Draft talk: Wheeling and dealing

As the NBA draft approaches on June 26, ESPN Dallas examines the draft through the Dallas Mavericks‘ perspective this week.

If the experts are to be believed, this is supposed to be one of the deeper drafts the league has seen in quite some time. Many experts were saying that once you got through the initial wave of talent in last year’s draft, you were hoping to just find a rotational player. This year, teams are hoping there are at least three franchise-building pieces, creating a certain amount of depth that can bring talent throughout the lottery and beyond.

If that’s the case, teams like Dallas will be hoping there will be high-quality talent in the second round, especially considering the fact that the Mavs have one of the earlier picks in the second round.

The Mavs don’t have a first-round pick, but there was belief in the front office at different points throughout the season that they could find a trade to move into the first round. One asset at their disposal in an attempt to move into the first round is cash. Each year, teams are allowed to send and receive up to $3 million in cash in a trade. The calendar year for the NBA changes on July 1, after the draft on June 26. With Dallas not spending any of the money during the season for a trade, they have $3 million — the usual asking price to acquire a first-round pick — in their back pocket.

Several teams have multiple picks in a talent-rich draft. Philadelphia (picks 3 and 10), Orlando (picks 4 and 12), Utah (picks 5 and 23), Boston (picks 6 and 17), Charlotte (picks 9 and 24), Phoenix (picks 14, 18 and 27) and Chicago (16 and 19) all own multiple picks in the first round. History has shown it’s a coin flip in regard to whether teams will use both picks or use one to fetch a different kind of asset.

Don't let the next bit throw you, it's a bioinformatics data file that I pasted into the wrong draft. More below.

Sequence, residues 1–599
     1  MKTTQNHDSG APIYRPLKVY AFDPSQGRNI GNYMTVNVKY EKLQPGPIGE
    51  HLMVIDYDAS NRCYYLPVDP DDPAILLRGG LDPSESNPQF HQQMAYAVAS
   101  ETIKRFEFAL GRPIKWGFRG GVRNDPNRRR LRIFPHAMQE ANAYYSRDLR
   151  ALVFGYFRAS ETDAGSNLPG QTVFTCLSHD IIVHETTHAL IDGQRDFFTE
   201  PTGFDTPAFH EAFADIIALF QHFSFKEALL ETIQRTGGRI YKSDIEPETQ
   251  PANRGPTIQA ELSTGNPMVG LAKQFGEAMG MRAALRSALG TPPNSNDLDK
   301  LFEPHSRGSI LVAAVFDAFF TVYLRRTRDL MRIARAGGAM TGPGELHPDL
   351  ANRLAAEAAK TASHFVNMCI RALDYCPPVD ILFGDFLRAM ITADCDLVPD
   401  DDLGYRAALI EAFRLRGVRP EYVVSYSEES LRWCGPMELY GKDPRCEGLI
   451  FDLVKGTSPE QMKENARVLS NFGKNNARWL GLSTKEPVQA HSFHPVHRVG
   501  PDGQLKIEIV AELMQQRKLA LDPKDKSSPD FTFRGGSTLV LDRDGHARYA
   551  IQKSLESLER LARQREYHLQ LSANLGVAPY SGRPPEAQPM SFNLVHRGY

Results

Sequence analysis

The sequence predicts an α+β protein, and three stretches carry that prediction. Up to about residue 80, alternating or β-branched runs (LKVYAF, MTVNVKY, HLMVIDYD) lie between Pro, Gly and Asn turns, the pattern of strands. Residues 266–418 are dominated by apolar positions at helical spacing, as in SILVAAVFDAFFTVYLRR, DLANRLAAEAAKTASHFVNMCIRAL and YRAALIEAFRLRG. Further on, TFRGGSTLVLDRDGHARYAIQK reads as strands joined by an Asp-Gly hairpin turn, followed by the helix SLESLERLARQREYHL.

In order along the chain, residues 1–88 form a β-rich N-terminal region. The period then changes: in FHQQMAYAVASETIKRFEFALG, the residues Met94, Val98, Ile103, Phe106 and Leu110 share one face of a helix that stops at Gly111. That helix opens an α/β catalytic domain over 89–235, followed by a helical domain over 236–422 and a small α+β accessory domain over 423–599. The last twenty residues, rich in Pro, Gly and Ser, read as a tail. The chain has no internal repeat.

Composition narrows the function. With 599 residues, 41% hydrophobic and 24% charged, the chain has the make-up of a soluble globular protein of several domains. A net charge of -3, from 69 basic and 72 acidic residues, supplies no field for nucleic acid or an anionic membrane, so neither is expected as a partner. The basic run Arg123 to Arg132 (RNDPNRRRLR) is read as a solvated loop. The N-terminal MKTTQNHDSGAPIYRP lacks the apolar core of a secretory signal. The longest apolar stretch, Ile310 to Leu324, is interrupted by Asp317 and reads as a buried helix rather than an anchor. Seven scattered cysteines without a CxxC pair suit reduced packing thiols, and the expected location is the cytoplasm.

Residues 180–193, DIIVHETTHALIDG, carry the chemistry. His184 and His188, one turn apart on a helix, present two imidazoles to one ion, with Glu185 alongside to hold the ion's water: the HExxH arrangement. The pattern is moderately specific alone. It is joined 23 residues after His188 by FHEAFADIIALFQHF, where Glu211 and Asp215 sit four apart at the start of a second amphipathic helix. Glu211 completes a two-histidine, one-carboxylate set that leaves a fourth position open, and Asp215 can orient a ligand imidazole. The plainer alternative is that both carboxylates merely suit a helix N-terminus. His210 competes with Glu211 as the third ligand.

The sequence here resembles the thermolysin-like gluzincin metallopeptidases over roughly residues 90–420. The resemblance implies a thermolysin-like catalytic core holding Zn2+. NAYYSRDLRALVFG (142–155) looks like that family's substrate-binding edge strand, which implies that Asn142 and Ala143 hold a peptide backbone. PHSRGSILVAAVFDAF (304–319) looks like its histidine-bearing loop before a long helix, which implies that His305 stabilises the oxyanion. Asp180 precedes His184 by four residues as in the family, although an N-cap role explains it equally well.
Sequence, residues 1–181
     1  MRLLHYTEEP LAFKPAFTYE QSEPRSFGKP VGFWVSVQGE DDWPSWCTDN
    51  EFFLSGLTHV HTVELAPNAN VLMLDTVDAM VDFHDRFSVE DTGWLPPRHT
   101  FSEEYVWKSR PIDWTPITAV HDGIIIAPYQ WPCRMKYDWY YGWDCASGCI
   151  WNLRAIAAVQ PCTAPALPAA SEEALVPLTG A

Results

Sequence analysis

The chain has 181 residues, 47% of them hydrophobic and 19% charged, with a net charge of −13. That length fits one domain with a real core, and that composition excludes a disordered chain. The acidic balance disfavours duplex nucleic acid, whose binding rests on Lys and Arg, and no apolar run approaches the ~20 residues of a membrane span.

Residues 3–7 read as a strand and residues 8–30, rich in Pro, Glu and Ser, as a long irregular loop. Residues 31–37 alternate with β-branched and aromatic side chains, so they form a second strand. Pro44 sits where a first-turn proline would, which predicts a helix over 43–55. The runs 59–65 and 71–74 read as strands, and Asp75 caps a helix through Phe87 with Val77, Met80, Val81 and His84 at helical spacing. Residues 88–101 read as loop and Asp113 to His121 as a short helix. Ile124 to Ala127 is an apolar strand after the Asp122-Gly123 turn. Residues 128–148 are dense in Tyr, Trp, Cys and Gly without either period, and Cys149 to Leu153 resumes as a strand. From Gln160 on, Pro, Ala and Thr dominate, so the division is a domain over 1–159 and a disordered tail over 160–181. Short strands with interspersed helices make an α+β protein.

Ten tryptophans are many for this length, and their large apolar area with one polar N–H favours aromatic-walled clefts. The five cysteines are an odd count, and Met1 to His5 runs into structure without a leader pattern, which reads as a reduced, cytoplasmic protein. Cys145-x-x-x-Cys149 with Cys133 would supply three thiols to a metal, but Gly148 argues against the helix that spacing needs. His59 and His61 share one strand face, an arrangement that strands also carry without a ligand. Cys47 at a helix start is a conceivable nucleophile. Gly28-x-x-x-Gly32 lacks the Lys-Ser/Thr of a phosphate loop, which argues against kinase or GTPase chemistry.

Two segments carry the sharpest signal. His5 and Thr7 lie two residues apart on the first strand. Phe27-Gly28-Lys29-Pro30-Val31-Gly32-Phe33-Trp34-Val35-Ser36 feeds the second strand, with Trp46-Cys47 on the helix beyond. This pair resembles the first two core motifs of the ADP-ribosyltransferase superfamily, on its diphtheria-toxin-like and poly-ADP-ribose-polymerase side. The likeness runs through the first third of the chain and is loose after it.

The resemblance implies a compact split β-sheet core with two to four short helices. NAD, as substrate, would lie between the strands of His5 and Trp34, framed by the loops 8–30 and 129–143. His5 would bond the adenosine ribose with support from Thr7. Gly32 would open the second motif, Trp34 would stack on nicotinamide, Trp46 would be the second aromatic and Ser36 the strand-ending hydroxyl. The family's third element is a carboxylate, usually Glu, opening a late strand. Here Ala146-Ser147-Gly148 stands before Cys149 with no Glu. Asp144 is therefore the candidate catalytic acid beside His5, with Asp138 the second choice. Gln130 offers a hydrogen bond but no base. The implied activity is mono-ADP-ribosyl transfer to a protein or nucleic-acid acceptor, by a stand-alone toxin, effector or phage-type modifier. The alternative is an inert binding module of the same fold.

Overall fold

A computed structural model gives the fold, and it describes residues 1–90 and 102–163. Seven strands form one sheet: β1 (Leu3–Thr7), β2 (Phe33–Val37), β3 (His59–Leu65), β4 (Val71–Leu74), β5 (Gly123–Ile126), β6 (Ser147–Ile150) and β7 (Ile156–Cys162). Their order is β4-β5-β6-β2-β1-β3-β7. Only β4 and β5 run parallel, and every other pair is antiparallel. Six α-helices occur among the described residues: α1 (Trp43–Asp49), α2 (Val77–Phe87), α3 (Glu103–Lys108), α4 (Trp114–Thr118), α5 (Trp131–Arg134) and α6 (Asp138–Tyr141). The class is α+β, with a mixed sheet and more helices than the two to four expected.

Cap space would come into play if the Mavs, who have roughly $30 million in cap space, find a way to move up into the first round. Their second-round picks aren’t guaranteed money or a roster spot, creating the luxury of flexibility. Moving into the first round would guarantee someone a roster spot. There are loopholes around this, such as stating that the selected first-round pick won’t sign for the team during that year.

If the Mavs were to trade into the first round and sign that pick, a cap hold would be placed before cap space was used. While a first-round pick wouldn’t put a huge dent in Dallas’ remaining cap space, it is something to consider as the team ponders whether to make that kind of trade.

Dallas has been opportunistic when these kinds of situations previously have come into play. In addition, the Mavs have been active over the last two drafts. While there haven’t been fireworks, they, like most teams in the league, were very active in regard to making trades on draft night.

The mindset of pick selection would certainly shift if the Mavs were able to trade into the first round. When you have picks Nos. 34 and 51, it’s not exactly as if you can go with a plan of drafting for need. With the options starting to slowly dwindle, you’re looking for BPA: best player available. If Dallas moves into the first round, there will be more available within the talent pool, giving the team the opportunity to look at a specific need, though BPA isn’t a bad way to go, either.

While the focus will be on second-round picks, the supply of teams with multiple picks may allow Dallas to be creative on draft night. Though it is not a given to move into the first round, it’s just another option in play for the Mavs.

Article source: http://espn.go.com/blog/dallas/mavericks/post/_/id/4702168/draft-talk-wheeling-and-dealing

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